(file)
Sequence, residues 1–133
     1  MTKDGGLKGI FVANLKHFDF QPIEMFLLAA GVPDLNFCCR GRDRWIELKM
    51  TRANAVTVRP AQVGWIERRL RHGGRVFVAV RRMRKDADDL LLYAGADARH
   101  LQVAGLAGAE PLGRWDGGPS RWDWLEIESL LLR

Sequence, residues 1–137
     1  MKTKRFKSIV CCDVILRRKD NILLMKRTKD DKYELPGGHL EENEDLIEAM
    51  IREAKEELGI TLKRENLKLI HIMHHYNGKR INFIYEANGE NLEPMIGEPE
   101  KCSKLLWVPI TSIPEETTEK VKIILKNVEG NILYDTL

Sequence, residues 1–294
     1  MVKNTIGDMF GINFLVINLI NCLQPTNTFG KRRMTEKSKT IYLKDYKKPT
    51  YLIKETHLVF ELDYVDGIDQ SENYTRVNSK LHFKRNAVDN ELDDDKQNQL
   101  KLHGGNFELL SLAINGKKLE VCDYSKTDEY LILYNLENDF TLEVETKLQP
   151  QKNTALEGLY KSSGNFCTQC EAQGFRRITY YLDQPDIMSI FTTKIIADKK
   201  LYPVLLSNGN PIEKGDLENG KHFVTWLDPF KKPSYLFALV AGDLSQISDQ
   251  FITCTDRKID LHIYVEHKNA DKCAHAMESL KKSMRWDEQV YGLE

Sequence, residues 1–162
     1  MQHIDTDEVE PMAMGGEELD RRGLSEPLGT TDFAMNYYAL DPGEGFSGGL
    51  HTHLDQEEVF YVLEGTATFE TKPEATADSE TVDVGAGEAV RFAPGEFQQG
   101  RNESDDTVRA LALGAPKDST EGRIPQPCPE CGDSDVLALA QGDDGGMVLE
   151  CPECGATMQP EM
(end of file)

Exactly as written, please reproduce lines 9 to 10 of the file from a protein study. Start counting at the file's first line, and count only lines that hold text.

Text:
Sequence, residues 1–294
     1  MVKNTIGDMF GINFLVINLI NCLQPTNTFG KRRMTEKSKT IYLKDYKKPT